Is that your plant? If so, you now know the botanical name and are able to investigate, and ask a more specific question here.
That's not your plant? Also on the first page of the search was a page from Texas A&M University about Saxifraga sarmentosa with a picture of a different plant although it claims that S. stolonifera is a synonym. (Wonder what sarmentosa means? Fire up those fingers & find out :+)
I'm sure you can further investigate, using the "majority of reputable sources" rule applied to an image search of "strawberry begonia.
HTH as an outline of how to investigate.
For confirmation, show us a picture of your plant.
You obviously missed my post above, Teen.
Marguerite's right, she had a nice little response addressing the plant you're asking about, seems you missed it.
Purple was kind enough to you to explain some basic search info. to you.
Since you've shown us all how good you are at Cut & Paste, I believe it's time you start learning & practicing some of your own searches.
It's fine to ask questions, but since you want to know about so very many plants & seems quite impatient to wait for answers, it's time to start doing some of your own homework & research yourself.
Often when we help people here, they use it as a starting point to do further information searches themselves. Sometimes they come back to ask further questions, sharing some info. they found themselves & asking what we think about it. That's fine & we welcome those kinds of queries (they show thought & initiative).
It's time you start exercising some of that initiative for yourself, other than your great curiosity & interest in learning.
Teen, Strawberry Begonias/Saxifraga is fairly simple to care for. They're beautiful plants--look good hanging or alone on a stand.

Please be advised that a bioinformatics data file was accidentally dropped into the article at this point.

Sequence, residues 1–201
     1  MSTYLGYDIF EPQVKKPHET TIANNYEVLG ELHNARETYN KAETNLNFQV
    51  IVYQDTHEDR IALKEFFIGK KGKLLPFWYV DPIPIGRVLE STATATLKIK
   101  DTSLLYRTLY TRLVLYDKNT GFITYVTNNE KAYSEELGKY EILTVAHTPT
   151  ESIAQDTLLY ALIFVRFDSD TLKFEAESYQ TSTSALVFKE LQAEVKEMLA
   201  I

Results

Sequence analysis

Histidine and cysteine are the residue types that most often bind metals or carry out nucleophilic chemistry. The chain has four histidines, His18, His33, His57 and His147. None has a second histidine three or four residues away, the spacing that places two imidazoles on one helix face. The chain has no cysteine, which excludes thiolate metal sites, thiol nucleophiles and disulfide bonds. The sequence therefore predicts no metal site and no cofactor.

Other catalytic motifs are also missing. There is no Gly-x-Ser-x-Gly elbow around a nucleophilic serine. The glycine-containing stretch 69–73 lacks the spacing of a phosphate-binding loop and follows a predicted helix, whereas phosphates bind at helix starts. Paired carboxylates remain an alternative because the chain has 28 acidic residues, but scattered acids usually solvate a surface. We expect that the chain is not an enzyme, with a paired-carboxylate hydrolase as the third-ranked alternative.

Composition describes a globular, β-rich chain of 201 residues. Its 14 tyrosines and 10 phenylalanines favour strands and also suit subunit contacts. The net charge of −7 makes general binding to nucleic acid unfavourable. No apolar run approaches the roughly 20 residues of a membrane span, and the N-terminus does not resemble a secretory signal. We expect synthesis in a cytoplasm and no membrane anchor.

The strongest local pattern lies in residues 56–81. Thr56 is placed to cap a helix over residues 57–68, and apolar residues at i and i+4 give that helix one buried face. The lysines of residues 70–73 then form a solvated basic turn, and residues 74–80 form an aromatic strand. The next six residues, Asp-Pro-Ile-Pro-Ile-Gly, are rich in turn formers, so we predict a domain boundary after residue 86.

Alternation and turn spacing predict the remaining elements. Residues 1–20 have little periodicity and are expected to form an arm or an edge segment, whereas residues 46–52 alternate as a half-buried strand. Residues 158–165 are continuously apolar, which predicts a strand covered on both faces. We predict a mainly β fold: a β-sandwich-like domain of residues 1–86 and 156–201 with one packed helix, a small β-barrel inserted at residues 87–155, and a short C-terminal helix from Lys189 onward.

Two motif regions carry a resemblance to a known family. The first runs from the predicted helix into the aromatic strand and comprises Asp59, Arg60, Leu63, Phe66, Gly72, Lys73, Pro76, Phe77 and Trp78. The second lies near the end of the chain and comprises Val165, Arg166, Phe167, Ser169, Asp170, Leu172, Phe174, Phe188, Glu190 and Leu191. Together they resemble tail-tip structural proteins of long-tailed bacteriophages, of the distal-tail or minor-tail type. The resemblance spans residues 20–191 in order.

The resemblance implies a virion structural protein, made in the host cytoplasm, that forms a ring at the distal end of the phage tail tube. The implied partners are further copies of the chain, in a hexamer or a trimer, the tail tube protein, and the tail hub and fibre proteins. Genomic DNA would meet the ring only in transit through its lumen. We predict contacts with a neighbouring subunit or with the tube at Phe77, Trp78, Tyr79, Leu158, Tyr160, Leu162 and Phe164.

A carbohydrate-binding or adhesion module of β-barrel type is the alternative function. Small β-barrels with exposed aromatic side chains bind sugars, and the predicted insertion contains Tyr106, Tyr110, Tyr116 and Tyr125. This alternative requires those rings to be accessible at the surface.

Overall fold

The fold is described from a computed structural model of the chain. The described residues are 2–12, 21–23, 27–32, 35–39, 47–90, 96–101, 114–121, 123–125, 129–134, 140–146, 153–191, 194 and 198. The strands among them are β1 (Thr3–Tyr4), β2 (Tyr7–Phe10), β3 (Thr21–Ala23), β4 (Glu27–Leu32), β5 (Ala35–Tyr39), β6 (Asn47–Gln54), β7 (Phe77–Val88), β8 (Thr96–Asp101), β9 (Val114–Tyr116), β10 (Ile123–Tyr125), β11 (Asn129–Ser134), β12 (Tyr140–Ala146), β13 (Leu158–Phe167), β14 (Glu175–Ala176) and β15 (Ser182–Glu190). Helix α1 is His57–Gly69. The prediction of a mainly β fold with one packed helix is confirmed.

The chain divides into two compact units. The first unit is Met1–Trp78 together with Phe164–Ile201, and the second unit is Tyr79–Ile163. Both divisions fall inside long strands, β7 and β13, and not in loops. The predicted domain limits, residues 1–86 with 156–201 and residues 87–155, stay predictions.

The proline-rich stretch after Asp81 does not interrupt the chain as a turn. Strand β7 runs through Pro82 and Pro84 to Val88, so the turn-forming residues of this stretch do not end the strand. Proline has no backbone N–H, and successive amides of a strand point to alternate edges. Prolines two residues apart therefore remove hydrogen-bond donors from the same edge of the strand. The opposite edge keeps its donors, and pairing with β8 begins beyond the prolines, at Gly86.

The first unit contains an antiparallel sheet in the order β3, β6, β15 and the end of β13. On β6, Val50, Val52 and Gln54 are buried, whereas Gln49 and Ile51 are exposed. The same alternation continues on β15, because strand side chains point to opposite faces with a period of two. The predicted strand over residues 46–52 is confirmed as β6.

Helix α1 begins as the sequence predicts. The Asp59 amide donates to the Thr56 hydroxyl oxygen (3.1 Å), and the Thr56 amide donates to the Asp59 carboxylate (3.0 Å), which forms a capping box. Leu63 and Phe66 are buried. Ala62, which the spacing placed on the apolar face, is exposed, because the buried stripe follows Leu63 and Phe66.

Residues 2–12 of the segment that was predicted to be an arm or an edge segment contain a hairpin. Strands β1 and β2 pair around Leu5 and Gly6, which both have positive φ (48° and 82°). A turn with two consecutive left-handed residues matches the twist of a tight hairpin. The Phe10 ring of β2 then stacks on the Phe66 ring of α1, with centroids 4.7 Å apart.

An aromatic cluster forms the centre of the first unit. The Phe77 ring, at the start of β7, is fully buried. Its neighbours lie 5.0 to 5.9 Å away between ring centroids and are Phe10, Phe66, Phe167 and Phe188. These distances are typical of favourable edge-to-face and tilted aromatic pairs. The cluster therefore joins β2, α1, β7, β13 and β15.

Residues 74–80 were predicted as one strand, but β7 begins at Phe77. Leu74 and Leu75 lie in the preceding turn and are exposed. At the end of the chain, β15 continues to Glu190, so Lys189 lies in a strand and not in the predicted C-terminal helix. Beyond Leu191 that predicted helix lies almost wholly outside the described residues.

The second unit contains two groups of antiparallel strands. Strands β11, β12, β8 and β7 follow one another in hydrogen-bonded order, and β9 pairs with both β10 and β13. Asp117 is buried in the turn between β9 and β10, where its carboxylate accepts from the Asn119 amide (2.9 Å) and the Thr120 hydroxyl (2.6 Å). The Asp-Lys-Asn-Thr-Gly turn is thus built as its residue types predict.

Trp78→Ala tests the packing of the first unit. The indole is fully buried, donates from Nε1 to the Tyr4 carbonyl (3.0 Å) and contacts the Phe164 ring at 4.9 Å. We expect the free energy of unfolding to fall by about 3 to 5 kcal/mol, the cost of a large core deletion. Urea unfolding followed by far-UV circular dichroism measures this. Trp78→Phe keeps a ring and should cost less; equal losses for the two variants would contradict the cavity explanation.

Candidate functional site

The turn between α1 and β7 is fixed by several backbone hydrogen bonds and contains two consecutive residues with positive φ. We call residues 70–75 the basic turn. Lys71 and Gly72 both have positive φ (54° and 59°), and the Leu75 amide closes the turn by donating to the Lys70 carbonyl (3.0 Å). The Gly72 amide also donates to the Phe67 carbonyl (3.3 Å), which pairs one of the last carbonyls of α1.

It's been years since I've had SB. Mine hung in a very bright, unobstructed east window.
ST doesn't like heat, a cool room, 65-68F is perfect.
Water thoroughly. Test soil before adding more water. Soil should dry a little between waterings. Moreso in winter. IF kept too wet, it will rot.
SB tends to produce flowers when root-bound, so don't over-pot. SB flowers throughout the year, but for some strange reason, mine bloomed more from August through Dec.
This is a guess, but I think it flowered later in the year because the room was chilly.
Offshoots can be rooted in soil. Set the end/leaves in soil, 'either by cutting off or keeping attached to mom, and placing in a neighboring pot w/soil.' They root faster from spring on.
Fertilizing times are optional. My SB was fertilized once a month, from spring till autumn, with All-Purpose fertilizer. A balanced fertilizer will do.
That's about it. Which variety did you get? Toni
sorry that was a desparate cry not a angry cry
i sounded like a fool i was just concerned about my plant. before i did my reaserch i just wanted to see what other people might know
One of my favorite plants from long ago was Saxifraga stolonifera (strawberry geranium/begonia). Only it was used as an outdoor groundcover. I believe that it is hardy to USDA zone 7 (or less).
Your frustrations are understandable. It's just our job as adults to let you know when you're "not doing right," a phrase I learned from moving to AL. Very handy, use it all the time.
When in a panic about a new plant, the best thing to do is nothing. Make sure it isn't wilty-dry, put it in shade, just in case, then calm down & find out. Doing nothing for a small amount of time at first is better than doing the wrong thing. Top of the list for wrong things is sunburned new plant and overwatering, so you're not going to do those, it's ok.